Dealing With A Surprise Hatch
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You’re going about your business on the homestead and suddenly one of your hens proudly appears with chicks following behind her. Wait. What? Where did those chicks come from? Well, if you’ve got a rooster and your chickens are free range, it’s completely possible that you’re going to end up with a surprise hatch at some point in your adventure.
Back when we were free ranging our chickens here at Clucky Dickens Farm, we dealt with quite a few surprise hatches.. Sometimes the hatches produced just a couple chicks, other times the hatches brought upwards of a dozen babes. Here is what to do when you unexpectedly discover that your hen is now a proud mama.
Surprise Hatch: If Mama is around…
You really need to do very little. If mom has appeared with her chicks, chances are you won’t be able to get close to them anyway. Wait to see where they settle down and then set some food and water nearby. (This is why it’s a good idea to always have extra chick waterers and feeders on hand!) If you need to, drop some bedding for comfort/warmth and let them be.
If you need to move them because they’re in an unsafe or inconvenient place (like—ahem—up in your hayloft), do so, but be careful. Believe me when I tell you that Mama will protect those babies—from other animals and you.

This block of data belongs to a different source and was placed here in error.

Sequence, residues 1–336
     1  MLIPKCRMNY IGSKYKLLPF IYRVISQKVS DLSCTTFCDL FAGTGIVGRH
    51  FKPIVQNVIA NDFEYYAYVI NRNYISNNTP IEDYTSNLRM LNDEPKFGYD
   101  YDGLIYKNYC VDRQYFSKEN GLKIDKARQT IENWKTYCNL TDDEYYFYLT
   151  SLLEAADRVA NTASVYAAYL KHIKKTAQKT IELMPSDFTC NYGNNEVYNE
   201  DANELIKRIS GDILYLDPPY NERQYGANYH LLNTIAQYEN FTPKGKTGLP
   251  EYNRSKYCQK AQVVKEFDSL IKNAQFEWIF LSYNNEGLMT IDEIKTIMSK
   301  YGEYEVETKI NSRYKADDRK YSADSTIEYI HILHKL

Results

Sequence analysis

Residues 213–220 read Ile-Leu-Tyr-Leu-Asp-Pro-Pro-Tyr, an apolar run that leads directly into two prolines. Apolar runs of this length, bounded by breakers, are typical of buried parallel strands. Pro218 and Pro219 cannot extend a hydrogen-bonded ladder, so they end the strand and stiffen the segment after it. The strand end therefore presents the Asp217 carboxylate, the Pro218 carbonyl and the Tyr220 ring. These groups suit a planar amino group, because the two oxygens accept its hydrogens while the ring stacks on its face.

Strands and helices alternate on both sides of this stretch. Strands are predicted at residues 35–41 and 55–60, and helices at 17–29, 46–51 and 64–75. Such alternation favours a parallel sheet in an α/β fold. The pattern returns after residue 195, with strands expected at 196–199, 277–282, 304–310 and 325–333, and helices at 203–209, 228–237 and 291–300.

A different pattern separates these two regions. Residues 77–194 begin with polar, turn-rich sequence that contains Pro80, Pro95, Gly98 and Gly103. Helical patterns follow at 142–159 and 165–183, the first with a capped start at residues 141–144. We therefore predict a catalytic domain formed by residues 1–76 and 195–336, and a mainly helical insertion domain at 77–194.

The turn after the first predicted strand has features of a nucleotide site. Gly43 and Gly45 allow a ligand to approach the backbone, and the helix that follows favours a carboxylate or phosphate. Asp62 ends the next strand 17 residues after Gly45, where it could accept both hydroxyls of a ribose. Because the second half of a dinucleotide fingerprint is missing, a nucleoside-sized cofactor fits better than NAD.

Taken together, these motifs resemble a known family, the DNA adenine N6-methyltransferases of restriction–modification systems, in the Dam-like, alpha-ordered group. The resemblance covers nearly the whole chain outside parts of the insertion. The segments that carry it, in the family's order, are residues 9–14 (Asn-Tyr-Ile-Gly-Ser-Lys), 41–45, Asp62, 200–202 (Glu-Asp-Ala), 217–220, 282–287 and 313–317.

Hens have been doing this mama thing much longer than we’ve been trying to interfere with them doing it. If the other hens (or a rooster, dog, cat, etc) gets closer than she feels is necessary, she will let them know in no uncertain terms that they’re not welcome.
If mama is around, your work is pretty minimal. Those babies will stick with mama as they grow up, and you have the joy of witnessing nature in action. There are few things more awesome than watching chicks with a mama on the farm.
Surprise Hatch: If Mama is not around…
One of the hatches I discovered in the hayloft was underneath a hen that had died, clearly a sad situation. What then? Treat them the same as you would if you’d ordered chicks. Find a safe place for the chicks in a brooder (we have a heated room in our barn with a heat lamp and brooder set up for emergency or surprise situations).
Offer food, water, and make sure the temp in the brooder is 95ish degrees. Give them some time to warm up. They will let you know if the temp is too warm (spreading out to get away from the light of the heat lamp) or not warm enough (continuing to huddle together in a super tight clump directly under the heat lamp). If you do not have any chick starter feed, you can feed regular chicken feed. We have done this without issue. If you’re worried about the crumbles being too large, you can always mash or grind them a bit in a coffee grinder.
Surprise Hatch: Frequently asked questions
ARE ALL THE CHICKS FROM THE SAME HEN?
The chicks may be from eggs laid by different hens or they may be all from the hen who was sitting. It all depends on the nest, where it was, and which hens knew about it. If it was a popular place to lay, there might have been lots of hens laying eggs in that spot. The eggs could also have been fertilized by different roosters. In short, don’t be surprised if one mama comes trotting back with several different types of chicks – some that might not even be from eggs she laid.
HOW LONG CAN THE CHICKS GO WITHOUT EATING?